Why we bought Nine Entertainment.

Mitch Taylor

During March we invested in Nine Entertainment Company Holdings Limited (NEC). NEC owns the Nine television network, a suite of digital media assets and a 50% interest in fast growing Video-On-Demand platform Stan.

NEC has had a colourful decade; in 2007, the company’s predecessor PBL Media Group was sold to private equity buyers for $5.6bln. In 2012 it narrowly avoided bankruptcy after convincing debt holders to reorganise the capital structure. These new shareholders subsequently listed the company in 2013. Since then the market value has cut in half mostly because of declining revenues, ratings and margins in the free-to-air (FTA) TV division. Consequently, NEC is one of the most shorted stocks on the ASX. Today the company has a market cap of ~$1.1bln with net debt of approximately $180m and trades on 10x 2018 earnings and a fully franked yield of 7%. We think earnings will bottom this year and expect growth over the next five years.

The key contention regards the FTA TV network. It is no secret traditional media companies have struggled whilst digital media players have flourished. Over the past decade digital media companies have increased their share of ad spend from less than 5% to over 50%, and are likely to continue to grow at above market rates over the longer term. It is interesting to note that digital media has a greater market share in Australia than it does in the US. In fact, the US only allocates 36% of ad spend to digital vs Australia’s 50%.

Today FTA TV accounts for approximately 24% of Australian ad spend. We believe this could conceivably cut in half over the next 10 years – yet such would only represent a 25% gross revenue reduction. Even the most digitally savvy media executives believe FTA TV will continue to have a meaningful share of spend long into the future because its localised content (nightly news, live sport and reality TV) will continue to attract viewers. Our discussions with industry participants suggest FTA TV will continue to be a vital component of advertising allocation for larger clients.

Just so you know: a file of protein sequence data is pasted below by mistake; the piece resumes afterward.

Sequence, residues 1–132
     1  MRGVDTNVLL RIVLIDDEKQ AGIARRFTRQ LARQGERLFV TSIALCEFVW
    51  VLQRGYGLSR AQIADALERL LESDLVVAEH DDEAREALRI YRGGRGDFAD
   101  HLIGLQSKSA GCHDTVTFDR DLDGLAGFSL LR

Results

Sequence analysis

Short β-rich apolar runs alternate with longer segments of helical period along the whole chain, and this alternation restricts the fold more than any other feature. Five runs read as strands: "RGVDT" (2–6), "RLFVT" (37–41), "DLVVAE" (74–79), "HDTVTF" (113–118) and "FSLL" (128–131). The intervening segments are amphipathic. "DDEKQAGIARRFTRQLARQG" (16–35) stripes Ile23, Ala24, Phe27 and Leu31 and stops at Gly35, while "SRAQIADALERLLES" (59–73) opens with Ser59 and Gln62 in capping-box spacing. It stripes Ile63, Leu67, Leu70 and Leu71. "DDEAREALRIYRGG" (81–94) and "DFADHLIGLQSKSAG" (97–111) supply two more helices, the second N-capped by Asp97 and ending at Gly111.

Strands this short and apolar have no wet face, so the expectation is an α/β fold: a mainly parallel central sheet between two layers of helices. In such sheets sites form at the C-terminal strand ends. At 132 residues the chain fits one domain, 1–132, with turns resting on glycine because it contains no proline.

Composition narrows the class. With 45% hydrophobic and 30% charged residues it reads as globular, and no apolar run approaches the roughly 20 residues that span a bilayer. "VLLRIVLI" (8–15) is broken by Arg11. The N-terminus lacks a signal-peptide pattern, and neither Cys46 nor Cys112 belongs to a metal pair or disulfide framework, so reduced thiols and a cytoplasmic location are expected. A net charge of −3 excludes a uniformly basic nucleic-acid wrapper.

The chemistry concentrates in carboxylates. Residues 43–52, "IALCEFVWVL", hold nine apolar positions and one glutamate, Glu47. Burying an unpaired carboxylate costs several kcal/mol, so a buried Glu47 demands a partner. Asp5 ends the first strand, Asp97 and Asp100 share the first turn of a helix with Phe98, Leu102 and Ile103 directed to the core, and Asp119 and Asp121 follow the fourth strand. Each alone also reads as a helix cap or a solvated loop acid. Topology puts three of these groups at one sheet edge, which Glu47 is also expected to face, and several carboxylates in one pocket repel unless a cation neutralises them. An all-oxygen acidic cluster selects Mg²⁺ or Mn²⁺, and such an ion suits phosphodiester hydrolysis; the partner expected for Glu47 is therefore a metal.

Contrary to the view of many market participants, we believe the short term outlook for FTA TV ad spend is not dire. Over the past 3 months, there has been significant revolt against digital media companies for lacking an industry wide consistent definition of a viewer impression. Facebook reports a viewing based on a completely different engagement level to that of Google, Amazon, Nine Digital, Fairfax and others. The net result is clients are unable to accurately determine reach rates and thus are unable to effectively plan advertising campaigns. Furthermore, the digital media market place has evolved so rapidly it is yet to undergo supply chain rationalisation. For every dollar a client allocates to digital media, approximately 60c gets taken from the supply chain (targeting, digital trading desks, demand side platforms, and exchanges) before the spend is allocated to the digital publisher (Facebook or Google). By way of comparison, the equivalent sum for FTA TV sees 20c taken prior to the publisher. In January, Procter and Gamble (the largest advertiser in the world) announced it will not allocate any more spend to digital until these issues are addressed. While these issues are likely to be resolved within the next two years they may cause a momentary flow of dollars back to old media platforms such as television.

Yet the market value of NEC seems to imply the recent aggressive revenue declines of approximately 5% p.a will continue. The below table released by WPP Limited forecasts a different outcome.

3 Year Demand Forecast

Source: GroupM Forecast - WPP Limited Results Presentation, 24 Feb 2017

WPP Limited own the largest media agency network in Australia and can be thought of as one of the major ‘gate keepers’ of advertising spend. Our conversations with industry contacts suggests FTA TV players are under-pricing inventory compared to other media forms. Accordingly, the dollar value of FTA TV advertising allocation may actually increase over the next few years although our forecast assumes a less positive outcome.